See You at the Hall: Boston's Golden Era of Irish Music and Dance
From the 1940s to the mid-1960s, on several evenings a week, thousands of Irish and Irish Americans flocked from miles around to the huge, bustling dance halls -- the Intercolonial, the Hibernian, Winslow Hall, the Dudley Street Opera House, the Rose Croix -- that dotted Boston's Dudley Square. For the city's Irish population, the Roxbury neighborhood, with its ballrooms and thriving shopping district, was a vital center of social and cultural life, as well as a bridge from the old world to the new.
See You at the Hall brings to life the rich history of the "American capitol of Galway" through the eyes of those who gathered and performed there. In this engaging look back at Boston's golden era of Irish traditional music, Susan J. Gedutis deftly weaves together engaging narrative with spirited personal reminiscences to trace the colorful dance hall period from its beginnings in 1940s Roxbury, when masses of young Irish flooded Boston following World War II, through its peak years in the 1950s, to its decline in the 1960s, when reduced immigration, urban social upheaval, and a shift in neighborhood demographics brought an end to the heyday of Irish dance hall music in Boston. After the last dance hall closed, Dudley Square musicians moved from the big ballrooms to pubs, social clubs, and private parties, preserving the music and passing it on to younger generations of Irish performers.
Today, Irish traditional music is experiencing a major revival, and Boston still boasts a lively Irish music scene. This vivid portrait of the enduring and vibrant heritage of the dance hall era will rekindle memories of the good times in Dudley Square, and it will fascinate the legion of fans around the globe interested in the roots of the Irish music they hear today in concert halls, pubs, and clubs. The book also recounts an important period, as yet unchronicled, in the history of Irish music in America, and of the Irish in the diaspora.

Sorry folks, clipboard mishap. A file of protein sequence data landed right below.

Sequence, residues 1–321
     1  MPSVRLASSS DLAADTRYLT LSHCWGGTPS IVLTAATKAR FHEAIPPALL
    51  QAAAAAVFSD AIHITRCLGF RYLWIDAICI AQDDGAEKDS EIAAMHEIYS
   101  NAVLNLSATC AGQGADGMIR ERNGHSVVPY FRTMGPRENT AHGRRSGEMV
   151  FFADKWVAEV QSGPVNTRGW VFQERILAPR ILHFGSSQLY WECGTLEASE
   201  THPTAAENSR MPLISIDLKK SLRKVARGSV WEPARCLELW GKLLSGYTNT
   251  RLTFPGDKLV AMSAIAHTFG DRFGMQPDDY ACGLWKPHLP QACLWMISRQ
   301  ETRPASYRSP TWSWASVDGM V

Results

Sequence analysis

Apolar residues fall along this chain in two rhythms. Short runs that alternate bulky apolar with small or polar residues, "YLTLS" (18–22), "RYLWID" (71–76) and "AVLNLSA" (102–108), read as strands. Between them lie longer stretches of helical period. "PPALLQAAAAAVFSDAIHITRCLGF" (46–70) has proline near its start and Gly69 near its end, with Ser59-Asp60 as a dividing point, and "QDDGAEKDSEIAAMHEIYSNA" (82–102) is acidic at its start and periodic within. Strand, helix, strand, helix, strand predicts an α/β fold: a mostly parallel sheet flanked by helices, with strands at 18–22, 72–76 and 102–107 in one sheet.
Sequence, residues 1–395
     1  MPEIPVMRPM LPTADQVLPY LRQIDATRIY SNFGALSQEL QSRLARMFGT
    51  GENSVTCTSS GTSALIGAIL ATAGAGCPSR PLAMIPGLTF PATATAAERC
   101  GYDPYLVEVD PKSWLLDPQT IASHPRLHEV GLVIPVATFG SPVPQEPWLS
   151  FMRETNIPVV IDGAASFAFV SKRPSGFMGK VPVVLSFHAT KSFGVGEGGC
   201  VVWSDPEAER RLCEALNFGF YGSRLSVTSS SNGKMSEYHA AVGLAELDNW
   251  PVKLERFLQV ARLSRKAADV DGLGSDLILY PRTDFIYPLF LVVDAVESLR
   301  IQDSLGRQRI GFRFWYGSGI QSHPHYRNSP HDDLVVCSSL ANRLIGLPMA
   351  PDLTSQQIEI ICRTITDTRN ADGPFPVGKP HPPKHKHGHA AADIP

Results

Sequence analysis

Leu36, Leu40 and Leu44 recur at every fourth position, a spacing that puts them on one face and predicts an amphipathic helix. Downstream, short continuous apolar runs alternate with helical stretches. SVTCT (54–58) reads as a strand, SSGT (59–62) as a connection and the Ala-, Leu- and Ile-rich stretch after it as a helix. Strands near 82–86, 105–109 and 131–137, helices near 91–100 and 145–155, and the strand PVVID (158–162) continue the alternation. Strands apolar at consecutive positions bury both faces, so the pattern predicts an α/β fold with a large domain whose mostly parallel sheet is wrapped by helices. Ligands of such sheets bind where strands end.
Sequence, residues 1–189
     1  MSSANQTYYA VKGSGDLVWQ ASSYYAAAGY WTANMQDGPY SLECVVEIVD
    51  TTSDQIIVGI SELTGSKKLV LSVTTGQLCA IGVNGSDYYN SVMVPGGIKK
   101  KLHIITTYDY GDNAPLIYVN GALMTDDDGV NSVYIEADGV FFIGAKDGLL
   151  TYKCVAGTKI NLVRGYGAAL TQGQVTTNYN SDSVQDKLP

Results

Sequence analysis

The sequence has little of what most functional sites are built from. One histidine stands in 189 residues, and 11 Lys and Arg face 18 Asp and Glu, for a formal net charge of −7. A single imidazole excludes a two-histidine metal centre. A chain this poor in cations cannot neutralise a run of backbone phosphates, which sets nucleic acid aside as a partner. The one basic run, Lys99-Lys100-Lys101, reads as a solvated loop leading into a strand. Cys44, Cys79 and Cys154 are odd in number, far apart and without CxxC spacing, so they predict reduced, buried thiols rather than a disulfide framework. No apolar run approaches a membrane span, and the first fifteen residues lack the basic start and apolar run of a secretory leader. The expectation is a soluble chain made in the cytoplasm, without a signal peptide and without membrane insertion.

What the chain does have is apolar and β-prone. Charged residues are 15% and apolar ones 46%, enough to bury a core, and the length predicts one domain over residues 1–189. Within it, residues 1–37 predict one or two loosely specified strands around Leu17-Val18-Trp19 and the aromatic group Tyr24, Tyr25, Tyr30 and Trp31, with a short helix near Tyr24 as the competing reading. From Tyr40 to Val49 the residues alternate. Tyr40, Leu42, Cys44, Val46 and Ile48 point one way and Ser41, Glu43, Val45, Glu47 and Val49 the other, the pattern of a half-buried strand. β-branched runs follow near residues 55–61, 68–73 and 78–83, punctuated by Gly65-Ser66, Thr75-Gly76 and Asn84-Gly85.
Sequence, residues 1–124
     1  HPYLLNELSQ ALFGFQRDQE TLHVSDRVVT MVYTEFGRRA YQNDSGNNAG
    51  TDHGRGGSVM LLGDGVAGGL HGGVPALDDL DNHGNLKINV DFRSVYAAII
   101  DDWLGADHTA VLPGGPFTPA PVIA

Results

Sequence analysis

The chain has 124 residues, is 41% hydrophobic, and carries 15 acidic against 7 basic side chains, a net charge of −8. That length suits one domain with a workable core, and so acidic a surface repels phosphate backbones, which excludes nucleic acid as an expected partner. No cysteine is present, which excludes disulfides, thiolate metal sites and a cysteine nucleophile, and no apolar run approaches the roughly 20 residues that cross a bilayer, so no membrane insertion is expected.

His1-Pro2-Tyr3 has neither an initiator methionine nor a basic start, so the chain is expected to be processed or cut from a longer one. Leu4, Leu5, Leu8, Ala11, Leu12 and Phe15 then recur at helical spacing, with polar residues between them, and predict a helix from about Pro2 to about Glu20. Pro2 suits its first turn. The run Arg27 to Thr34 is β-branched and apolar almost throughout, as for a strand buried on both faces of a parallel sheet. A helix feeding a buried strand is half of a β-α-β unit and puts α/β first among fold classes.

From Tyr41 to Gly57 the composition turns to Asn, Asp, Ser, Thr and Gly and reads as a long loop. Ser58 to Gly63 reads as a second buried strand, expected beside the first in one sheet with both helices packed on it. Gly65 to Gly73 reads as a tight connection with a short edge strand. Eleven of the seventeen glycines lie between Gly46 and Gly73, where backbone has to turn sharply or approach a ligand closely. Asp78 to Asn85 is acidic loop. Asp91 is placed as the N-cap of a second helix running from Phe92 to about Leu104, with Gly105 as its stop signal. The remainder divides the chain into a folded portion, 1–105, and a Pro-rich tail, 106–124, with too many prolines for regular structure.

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Map of the Dudley Street area Roxbury
My Fathers Band I
If Youre Irish Never Mind the Parlor Come into the Kitchen I
Kitchen racket breakdown
The Tara Ceilidte Band St Patrick s Day 1959
Johnny Powell and His Band I
The Musician Crowd
At My Fathers Knee
The Hucklebuck and Blue Suede Shoes
John Foley and the Diplomats at the New State Ballroom
Cardinal Gushing does the highland fling
And the Band Played
accordion player American Ballroom banjo Billy Caples Boston dance Boston Irish Brendan Tonra brother Ceil1 Band ceilf club crowd dance halls dancers Derrane's Dick Senier Dudley Square Dudley Street Dudley Street dance Dudley Street Opera father fiddle floor Frank Storer Galway guys Hibernian Hall interview with Susan Ireland Irish dance Irish dance halls Irish immigrants Irish music Irish traditional music Irish-American Jerry O'Brien jigs Joe Derrane Joe Joyce Johnny Connors Johnny Powell kitchen rackets Larry Reynolds lived Mass Mick Moloney Mickey Connolly Mike mother Music of Ireland musicians night O'Byrne DeWitt Orchestra Paddy Cronin performed piano play popular radio recalls reels repertoire Roxbury saxophone says scene showbands Siege of Ennis songs started Street dance halls Street Opera House style Sunday Susan Gedutis Taped interview Terry Landers thing Tommy Tommy Shields traditional Irish tunes Untaped waltzes wanted weddings Winslow Hall young